From a dark age, only dark stories endure, because they highlight the ‘horror’ of the age. Bosch, Dante, Homer, the Beowulf poet, all lived during periods of cultural collapse, or a dark age, and very little, if any, of the work of their contemporaries has survived.
I sense we may have a duty to reflect our times without identifying with it.

We live in a time when everyone is ‘making history’, is a ‘legend’, a ‘genius’ and other facile, empty platitudes. Most, almost all, are anything but. This is a dark age, and few are prepared for the struggle to reach above, to express the agony of our age and existence. It takes immense energy and focus to pay attention, to be alive, now. It means being responsible for our work and what it genuinely represents. It means asking questions, and not expecting an answer. The root of the word question, is quest. And the quest now, as it was ever thus in a dark age, is through the Valley of the Shadow of Death. “Man is a rope stretched between the animal and the Superman – a rope over an abyss”, says Nietzsche. I accept wholly I am not up to the task, but I can struggle. Audiences may not understand this approach or the work, and there’s nothing I can do about that.

This philosophy is exemplified in my contribution to A Reckoning (I still prefer the original title, Straw Man), but it is also there in my personal contribution to other work.

As to my own work, it is the fundamental basis of everything I do. Alienation, disconnection, questions, the absurdity of existence, the ‘not knowing’. I am at an early stage in my development, and still learning how to get the balance right between intent and entertainment. Hopefully the opportunity to explore these ideas will continue. If not, then the chance to try to ‘make my mark’ is lost, to simply become another note in the margin in the Book of Life, dying, as I was born, as a relentless Habit Machine in a broth of white noise.

For me, there’s no point making anything with the idea you’re ‘writing history’. There has to be real need beyond that. Making money? Being powerful? Getting laid? To party? Sex and drugs and rock ‘n’ roll? To conquer the world? All valid reasons, I suppose. Who am I to say what’s right or wrong?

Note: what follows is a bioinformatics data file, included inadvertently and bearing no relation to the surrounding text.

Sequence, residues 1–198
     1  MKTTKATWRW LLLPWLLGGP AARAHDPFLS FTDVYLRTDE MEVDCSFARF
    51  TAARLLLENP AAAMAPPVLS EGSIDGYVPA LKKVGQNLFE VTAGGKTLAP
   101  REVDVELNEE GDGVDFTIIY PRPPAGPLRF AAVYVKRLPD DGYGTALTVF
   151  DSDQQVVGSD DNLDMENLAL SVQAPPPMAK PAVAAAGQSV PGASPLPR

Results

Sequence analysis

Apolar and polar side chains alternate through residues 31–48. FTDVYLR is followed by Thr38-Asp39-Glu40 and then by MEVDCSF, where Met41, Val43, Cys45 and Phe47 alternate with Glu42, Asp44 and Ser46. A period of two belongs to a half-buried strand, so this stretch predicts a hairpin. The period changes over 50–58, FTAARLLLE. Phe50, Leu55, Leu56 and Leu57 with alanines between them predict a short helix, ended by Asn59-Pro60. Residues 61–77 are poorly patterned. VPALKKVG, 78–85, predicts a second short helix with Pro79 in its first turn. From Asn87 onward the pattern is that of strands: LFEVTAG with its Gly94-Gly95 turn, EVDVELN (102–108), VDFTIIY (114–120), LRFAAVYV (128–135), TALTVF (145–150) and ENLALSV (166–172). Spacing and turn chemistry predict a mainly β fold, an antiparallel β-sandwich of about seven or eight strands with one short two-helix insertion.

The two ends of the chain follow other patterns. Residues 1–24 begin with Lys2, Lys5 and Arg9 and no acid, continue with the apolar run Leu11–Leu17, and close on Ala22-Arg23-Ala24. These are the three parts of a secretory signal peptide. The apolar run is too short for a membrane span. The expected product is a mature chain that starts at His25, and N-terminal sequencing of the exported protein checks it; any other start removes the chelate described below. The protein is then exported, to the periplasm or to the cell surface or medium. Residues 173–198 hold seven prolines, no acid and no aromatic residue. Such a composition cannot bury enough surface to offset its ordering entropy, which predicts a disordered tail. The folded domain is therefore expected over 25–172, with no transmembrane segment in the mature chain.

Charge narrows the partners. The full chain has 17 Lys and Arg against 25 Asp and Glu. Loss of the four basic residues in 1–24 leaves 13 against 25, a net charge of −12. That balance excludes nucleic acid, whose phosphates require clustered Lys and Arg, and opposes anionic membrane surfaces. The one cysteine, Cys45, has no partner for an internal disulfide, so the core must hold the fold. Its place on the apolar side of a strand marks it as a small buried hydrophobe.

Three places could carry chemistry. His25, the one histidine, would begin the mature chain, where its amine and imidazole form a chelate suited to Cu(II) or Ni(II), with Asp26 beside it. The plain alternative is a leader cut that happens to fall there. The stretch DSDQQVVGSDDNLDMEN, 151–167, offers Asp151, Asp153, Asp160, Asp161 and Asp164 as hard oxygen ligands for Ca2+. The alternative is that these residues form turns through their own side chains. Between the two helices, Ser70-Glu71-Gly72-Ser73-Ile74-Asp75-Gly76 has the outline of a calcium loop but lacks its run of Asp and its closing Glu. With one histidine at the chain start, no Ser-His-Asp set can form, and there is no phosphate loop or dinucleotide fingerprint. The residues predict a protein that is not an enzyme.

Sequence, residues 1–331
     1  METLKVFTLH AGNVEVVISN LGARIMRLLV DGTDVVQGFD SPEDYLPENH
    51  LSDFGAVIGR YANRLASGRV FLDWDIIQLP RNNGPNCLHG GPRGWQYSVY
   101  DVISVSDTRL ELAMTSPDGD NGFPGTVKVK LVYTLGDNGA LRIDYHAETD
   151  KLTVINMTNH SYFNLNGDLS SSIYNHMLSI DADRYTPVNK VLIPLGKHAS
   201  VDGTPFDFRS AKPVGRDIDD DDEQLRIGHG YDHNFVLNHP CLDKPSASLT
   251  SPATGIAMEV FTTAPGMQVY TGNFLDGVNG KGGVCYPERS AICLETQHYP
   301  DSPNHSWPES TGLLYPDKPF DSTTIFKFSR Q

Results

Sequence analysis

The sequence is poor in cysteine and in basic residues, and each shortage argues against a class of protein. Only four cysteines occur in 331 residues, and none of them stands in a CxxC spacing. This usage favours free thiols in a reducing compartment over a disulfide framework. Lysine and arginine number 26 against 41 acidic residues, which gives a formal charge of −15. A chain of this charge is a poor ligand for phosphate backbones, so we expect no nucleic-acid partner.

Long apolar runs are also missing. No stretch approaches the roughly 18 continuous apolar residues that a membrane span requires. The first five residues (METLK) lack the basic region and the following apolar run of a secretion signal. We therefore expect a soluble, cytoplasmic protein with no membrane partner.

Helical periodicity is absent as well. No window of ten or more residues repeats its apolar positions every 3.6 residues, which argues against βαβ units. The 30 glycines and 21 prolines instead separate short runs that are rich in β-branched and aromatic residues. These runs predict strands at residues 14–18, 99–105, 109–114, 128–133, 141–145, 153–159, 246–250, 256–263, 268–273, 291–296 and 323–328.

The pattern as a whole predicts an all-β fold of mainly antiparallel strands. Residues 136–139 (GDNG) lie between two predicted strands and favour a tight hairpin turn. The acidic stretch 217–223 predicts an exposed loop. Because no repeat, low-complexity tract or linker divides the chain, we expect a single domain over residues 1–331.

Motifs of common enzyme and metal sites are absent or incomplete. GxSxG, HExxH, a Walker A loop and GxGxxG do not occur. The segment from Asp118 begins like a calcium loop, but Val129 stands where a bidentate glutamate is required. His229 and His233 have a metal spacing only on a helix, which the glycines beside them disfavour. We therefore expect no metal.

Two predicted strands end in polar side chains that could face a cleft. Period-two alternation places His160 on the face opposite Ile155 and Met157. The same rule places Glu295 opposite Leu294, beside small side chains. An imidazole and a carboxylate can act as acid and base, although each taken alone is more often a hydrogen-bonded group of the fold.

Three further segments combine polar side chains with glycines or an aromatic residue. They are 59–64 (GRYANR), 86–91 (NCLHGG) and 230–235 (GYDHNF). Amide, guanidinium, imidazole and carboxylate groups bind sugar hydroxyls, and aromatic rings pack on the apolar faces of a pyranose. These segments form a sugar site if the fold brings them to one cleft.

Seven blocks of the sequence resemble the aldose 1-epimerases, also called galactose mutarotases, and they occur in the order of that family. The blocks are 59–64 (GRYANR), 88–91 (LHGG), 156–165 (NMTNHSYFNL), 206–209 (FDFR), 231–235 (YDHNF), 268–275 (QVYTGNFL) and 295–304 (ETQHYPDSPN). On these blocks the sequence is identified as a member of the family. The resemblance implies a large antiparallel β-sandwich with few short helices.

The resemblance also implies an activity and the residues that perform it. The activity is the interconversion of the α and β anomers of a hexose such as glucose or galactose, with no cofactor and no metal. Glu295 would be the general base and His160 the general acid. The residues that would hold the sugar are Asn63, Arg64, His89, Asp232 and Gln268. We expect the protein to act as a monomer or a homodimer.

“But Les, it’s recorded! It’s history, man!!” 

“Yeah, well, so was Showaddywaddy, Tracy Emin, the bloke who got to number one with ‘You’re My Favourite Waste of Time’, and that geezer with Tourettes who won Big Brother.”

 I’m an Australian and I’m curious what initially drew you to Oz? What is your assessment of the culture and the local film industry?
-FilmFrak Adam-

Leslie Simpson:  We had just wrapped on the voiceover for A Reckoning. I had taken the isolation required for the film to its apotheosis, and – according to an extremely close friend (and an extraordinary artist) Ben Reche, having lost so much weight for the role, some of my impartial judgement and psychology went with it. I fell from the sky one day suffering from delusion and mania. A year later I woke up, wondering where the heck I was.

Seven years of bad luck, jousting with demonic sociopaths (the two shorts are a good illustration), and only the soothing light from the archangels Hart and Felicity got me through it. I now live in the most remote town on Planet Earth, in the middle of nowhere, Moonbase Alpha, a paradise with scars.

With such a powerful performance, I personally cannot wait to see what you do next. Is there anything you are presently working on that you can share?
-FilmFrak Jon-

Leslie Simpson: Things are looking up, for sure. There’s development funding for a couple of feature projects. Unfortunately, in this industry nothing is certain, so loose lips don’t simply sink ships, they can make one look like a fool. 

Watch the full Feature Length film A RECKONING


2 comments to FilmFrak Exclusive: A RECKONING Interview with Leslie Simpson

  • Peter Kalos  says:

    Awesome interview – thanks for the mention.

  • Mick Devine  says:

    A thourougly enjoyable short read. Extremely inciteful and unfashionably honest!